Bud­ding su­per­star

The Elias Pet­ters­son you don’t know, ac­cord­ing to his team­mates

The Prince George Citizen - - Sports - Pa­trick JOHN­STON

Elias Pet­ters­son’s on-ice per­son­al­ity glowed from the mo­ment he stepped on the ice for his first pre-sea­son game with the Van­cou­ver Canucks. He didn’t score in that mid-Septem­ber game, but that didn’t mat­ter. He did ev­ery­thing else. He daz­zled with puck skills. He stood out as the best player on the ice.

And then there was the sea­son opener, where he scored one of the finest goals Van­cou­ver has ever seen.

Two months later, the buzz when he col­lects the puck still picks up.

But off the ice, he’s an ath­lete Van­cou­ver is still get­ting to know.

There are plenty of sports per­son­al­i­ties who’ve made their mark on Rain City over the years: the Sedins, Kesler, Naslund, Ber­tuzzi, Bure, Lin­den, Pas­saglia, Buono, Reeves, Sin­clair and Nash to name but a few.

Pet­ters­son will no doubt join that group one day. And though he finds him­self in front of cam­eras and re­porters most days, where there have been mo­ments in which his steely glare has drawn at­ten­tion, or where a dry joke has cracked up his in­ter­locu­tors, he mostly re­mains a quiet soul ac­cord­ing to those who have come to know him best.

Brock Boeser, still a rel­a­tively fresh face in Van­cou­ver him­self, is Pet­ters­son’s room­mate on the road. He also lives near the 20-year-old cen­tre and sees the young Swede of­ten away from the rink.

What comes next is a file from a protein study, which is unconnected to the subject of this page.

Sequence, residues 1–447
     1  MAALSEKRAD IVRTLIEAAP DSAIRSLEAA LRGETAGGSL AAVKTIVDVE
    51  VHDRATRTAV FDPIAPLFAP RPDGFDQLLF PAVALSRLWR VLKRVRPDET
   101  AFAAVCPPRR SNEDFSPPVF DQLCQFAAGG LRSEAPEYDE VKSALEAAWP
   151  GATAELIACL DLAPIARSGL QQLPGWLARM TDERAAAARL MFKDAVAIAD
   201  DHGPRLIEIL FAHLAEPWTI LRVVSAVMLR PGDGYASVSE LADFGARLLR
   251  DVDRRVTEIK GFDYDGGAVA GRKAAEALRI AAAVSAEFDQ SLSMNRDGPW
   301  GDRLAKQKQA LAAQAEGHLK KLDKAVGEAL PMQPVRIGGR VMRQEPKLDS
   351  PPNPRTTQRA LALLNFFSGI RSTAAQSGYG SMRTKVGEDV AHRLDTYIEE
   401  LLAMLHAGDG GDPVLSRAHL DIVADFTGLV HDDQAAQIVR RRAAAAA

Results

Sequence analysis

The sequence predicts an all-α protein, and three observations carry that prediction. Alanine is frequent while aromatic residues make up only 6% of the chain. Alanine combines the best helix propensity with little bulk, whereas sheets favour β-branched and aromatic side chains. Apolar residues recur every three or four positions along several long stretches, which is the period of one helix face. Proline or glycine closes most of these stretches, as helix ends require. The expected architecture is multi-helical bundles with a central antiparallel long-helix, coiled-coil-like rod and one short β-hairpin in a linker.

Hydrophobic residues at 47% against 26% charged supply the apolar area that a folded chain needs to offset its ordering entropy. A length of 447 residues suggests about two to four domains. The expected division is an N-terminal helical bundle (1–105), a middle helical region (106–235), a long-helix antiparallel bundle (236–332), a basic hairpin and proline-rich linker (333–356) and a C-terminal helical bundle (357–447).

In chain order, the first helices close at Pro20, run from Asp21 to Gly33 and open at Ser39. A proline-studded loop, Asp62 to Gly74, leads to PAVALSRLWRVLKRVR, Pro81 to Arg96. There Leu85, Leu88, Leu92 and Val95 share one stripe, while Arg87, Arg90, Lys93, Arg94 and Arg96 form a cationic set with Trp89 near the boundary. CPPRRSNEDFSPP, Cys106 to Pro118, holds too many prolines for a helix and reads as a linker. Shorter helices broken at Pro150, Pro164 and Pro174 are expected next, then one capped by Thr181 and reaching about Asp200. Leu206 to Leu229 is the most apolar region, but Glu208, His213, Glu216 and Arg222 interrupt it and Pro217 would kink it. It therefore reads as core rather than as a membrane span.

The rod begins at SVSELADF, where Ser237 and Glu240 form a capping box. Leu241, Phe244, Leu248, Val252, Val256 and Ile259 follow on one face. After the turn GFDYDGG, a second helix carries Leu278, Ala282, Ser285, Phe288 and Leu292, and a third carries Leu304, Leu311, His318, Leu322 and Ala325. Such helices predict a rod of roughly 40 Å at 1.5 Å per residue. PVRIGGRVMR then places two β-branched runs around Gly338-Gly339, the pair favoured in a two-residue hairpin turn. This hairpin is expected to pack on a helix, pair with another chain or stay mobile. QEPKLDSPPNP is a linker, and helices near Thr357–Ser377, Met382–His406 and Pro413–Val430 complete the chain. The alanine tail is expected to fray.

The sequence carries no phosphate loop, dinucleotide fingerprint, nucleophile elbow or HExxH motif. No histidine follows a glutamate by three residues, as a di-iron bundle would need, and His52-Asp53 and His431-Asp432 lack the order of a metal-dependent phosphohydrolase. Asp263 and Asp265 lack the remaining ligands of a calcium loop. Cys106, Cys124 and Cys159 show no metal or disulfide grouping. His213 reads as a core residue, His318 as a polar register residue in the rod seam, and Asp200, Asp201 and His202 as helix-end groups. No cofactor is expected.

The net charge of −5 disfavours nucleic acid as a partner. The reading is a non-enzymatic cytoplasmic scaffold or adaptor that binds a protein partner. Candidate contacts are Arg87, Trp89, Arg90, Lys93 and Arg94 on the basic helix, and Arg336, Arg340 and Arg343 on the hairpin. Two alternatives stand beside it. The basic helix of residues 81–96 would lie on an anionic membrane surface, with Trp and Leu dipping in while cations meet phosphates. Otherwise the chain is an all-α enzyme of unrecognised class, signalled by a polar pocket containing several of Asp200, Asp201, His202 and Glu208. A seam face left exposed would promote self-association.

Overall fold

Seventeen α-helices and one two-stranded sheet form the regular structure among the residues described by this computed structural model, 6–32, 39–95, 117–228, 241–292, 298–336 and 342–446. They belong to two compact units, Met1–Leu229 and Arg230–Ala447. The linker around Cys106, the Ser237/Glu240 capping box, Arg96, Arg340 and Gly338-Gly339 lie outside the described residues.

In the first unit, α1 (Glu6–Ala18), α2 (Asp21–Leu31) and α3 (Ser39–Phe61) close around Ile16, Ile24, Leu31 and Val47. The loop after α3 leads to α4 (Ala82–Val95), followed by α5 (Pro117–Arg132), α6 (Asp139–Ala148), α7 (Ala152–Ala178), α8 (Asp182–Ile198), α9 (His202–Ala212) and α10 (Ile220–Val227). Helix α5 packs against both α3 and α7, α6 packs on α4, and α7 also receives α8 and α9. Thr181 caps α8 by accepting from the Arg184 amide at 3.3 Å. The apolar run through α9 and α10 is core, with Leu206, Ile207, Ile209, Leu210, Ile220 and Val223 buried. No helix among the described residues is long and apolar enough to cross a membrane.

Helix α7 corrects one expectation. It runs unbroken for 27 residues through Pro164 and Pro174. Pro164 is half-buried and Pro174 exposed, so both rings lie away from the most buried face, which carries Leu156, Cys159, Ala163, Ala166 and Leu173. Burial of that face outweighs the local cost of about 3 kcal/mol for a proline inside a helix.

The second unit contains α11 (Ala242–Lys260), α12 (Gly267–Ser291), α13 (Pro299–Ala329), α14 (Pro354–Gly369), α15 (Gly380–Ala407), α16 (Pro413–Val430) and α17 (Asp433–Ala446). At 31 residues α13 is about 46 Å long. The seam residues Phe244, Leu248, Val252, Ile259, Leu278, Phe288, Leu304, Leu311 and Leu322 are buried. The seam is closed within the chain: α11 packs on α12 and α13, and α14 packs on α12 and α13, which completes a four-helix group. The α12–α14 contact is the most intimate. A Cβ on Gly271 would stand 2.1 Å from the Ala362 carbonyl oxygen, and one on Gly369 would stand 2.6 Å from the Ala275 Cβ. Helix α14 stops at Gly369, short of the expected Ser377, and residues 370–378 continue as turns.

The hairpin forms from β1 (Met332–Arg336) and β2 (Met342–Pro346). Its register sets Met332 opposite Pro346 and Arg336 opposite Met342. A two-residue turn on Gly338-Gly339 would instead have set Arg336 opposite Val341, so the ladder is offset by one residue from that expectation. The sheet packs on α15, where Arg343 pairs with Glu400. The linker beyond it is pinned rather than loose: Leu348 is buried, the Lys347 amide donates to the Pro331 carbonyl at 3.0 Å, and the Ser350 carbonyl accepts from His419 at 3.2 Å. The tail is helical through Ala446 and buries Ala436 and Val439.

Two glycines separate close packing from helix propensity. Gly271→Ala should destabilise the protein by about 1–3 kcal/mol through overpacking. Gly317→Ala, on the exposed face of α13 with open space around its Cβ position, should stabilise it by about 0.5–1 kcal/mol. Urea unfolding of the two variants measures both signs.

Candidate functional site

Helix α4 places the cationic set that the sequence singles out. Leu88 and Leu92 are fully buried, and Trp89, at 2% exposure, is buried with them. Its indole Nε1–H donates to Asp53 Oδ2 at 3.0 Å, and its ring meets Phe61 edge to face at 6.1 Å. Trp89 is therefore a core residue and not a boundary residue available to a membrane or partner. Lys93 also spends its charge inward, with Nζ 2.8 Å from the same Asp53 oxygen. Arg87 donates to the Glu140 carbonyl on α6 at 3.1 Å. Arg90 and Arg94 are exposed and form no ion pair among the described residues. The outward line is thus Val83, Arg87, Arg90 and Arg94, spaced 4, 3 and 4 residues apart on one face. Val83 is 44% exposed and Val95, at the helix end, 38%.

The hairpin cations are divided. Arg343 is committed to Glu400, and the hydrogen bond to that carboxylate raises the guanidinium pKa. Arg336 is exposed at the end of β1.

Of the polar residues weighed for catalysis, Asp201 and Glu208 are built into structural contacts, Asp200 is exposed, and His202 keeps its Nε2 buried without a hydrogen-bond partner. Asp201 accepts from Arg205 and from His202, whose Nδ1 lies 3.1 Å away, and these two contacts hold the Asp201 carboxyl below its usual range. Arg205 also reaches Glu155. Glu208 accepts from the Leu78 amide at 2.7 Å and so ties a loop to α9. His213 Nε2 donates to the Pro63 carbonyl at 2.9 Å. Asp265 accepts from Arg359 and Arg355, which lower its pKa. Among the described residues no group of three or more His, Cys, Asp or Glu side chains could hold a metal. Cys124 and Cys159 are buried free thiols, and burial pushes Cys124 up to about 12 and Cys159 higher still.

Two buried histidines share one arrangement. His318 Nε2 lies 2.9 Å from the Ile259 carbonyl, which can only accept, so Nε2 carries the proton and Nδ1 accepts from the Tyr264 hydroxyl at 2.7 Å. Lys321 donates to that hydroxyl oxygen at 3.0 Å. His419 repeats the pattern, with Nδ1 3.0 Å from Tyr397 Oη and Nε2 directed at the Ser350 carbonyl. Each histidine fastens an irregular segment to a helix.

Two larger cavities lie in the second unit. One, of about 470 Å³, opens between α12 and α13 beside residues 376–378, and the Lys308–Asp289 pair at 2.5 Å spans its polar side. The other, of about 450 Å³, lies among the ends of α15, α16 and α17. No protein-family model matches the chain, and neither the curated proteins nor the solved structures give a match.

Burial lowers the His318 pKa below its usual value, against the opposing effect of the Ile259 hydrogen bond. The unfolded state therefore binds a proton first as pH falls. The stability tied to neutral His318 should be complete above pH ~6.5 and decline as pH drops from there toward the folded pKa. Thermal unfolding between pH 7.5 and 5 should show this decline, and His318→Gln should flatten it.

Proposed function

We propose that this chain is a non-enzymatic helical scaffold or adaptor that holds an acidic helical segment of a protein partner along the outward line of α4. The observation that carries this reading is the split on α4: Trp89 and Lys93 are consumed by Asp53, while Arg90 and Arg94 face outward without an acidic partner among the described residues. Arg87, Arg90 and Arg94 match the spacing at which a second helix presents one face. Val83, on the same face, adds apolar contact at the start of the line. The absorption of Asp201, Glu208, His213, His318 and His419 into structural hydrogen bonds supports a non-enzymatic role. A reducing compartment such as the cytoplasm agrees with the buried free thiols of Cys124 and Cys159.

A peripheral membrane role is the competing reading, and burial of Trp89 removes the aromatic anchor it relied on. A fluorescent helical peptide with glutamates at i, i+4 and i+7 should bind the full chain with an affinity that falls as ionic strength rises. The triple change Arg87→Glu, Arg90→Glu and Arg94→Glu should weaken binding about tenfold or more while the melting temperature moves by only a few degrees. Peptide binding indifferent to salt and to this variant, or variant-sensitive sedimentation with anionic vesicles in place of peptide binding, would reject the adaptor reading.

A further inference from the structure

“He’s a quiet kid at first,” Boeser said when queried about Pet­ters­son, who is just 17 months younger than the Min­nesota na­tive. “I think he’s kind of like me, quiet at first un­til he gets to know peo­ple around him. Then he opens up.”

Be­ing room­mates means there’s plenty of time to chat on the road. “We’ll talk about the game. We’ve talked about our fam­i­lies, what they do, his friends back home,” Boeser said.

“He’s a funny kid, got a dry sense of hu­mour. He’s al­ways in a good mood.”

Niko­lay Goldobin is an­other team­mate who’s made a con­nec­tion and is prov­ing to be a reg­u­lar com­pan­ion. And while the Rus­sian is three years Pet­ters­son’s se­nior, that hasn’t been a bar­rier. The two dressed up as Min­ions at Hal­loween, for ex­am­ple.

“Both young guys, we like sim­i­lar things,” Goldobin said about their quick off-ice con­nec­tion, which in many ways mim­ics their on-ice chem­istry. “And I still feel a lit­tle like I’m new to the team too.

“Both Euro­peans,” he added, suggest­ing their sta­tus as cul­tural out­siders over­lapped.

The duo are two of a half-dozen Canucks for­wards who hail from out­side of North Amer­ica.

In sim­i­lar terms, Boeser noted, Pet­ters­son also has the “Swedish guys.”

Vet­eran team­mates Alex Edler and Loui Eriks­son, along with goalies Ja­cob Mark­strom and An­ders Nils­son all bring a touch of home.

Eriks­son, who has known Pet­ters­son’s junior team­mate Jonathan Dahlen for years, took the two young Swedes out for din­ner on the eve of train­ing camp. Dahlen, who played with Pet­ters­son in Timra, is now with the Canucks’ Amer­i­can Hockey League af­fil­i­ate in Utica.